Not only did Dell allow the XPS 700 customers to ‘vent’ on Dell’s own Community Forum, but the moderator ‘stuck’ the topic to the very top for ALL to see. Customers were waiting for Dell to ‘lock it down’ but they didn’t. And then Lionel brought the topic right into plain and open view by dealing with the concerns of the customer on Dell’s newly found blog. Talk about being transparent!

    Dell’s bold response to the ‘cries’ of the customer? You could hear the cheering through your flat screen Dell monitor when Dell “came through” for them, and announced the motherboard upgrade program. The “loyalty meter” nearly broke! John Cass was right. Dell will benefit and so will the customer. I just don’t know if he thought it would happen this fast!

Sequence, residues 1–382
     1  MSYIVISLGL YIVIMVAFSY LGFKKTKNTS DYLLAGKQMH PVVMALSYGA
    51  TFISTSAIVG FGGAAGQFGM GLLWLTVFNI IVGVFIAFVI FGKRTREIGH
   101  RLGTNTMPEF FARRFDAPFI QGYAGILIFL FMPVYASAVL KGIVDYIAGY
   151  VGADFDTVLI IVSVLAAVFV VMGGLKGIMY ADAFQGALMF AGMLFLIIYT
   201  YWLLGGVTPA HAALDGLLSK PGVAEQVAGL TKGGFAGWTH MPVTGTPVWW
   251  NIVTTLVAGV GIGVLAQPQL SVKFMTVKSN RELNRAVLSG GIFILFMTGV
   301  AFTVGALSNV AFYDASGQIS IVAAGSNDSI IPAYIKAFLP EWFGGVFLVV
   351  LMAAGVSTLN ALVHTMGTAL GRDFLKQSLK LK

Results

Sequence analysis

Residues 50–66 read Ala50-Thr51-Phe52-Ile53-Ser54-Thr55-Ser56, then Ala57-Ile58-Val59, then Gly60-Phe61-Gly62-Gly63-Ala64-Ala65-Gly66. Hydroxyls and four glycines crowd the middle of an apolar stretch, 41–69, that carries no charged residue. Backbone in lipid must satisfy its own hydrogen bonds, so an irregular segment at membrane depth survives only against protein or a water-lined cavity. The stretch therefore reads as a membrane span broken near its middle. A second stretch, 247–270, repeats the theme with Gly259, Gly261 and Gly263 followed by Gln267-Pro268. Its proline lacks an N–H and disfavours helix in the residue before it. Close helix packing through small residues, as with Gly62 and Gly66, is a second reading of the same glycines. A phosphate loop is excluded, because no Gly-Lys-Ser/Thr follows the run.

And Tansley was right on as well. The Dell story is, “one of the best interactions between a company and its customers.” And only time will tell, but Cass may be prophetic when he says, “If Dell becomes the new gold standard for online customer service and technical customer support through blogging, its competitors have a lot to be concerned about..”

    Don’t get me wrong. Jarvis, Scoble, Cass, WSJ and others are doing a great job. They have to wade through masses of information. But it is true that the big huge generic breakthroughs, where the general customer populations are benefactors of improved customer care, are simply not going to attract attention the way that Corporation failure does. It isn’t one of those “Pile-On Stories.” Of course it isn’t, because who is there to pile on! It’s a small population right now and it needs to be grown.